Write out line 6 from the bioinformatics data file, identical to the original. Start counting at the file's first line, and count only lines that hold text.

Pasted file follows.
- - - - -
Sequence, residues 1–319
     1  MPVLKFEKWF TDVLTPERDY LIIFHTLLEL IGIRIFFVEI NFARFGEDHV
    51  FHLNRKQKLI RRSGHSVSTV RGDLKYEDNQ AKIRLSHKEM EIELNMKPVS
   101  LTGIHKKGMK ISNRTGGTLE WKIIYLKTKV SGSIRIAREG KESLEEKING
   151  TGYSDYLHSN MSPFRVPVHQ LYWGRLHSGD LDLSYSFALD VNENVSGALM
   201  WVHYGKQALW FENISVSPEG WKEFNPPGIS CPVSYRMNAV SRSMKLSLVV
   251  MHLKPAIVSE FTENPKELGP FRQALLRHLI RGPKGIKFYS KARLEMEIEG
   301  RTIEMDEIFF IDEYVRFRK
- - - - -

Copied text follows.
   201  WVHYGKQALW FENISVSPEG WKEFNPPGIS CPVSYRMNAV SRSMKLSLVV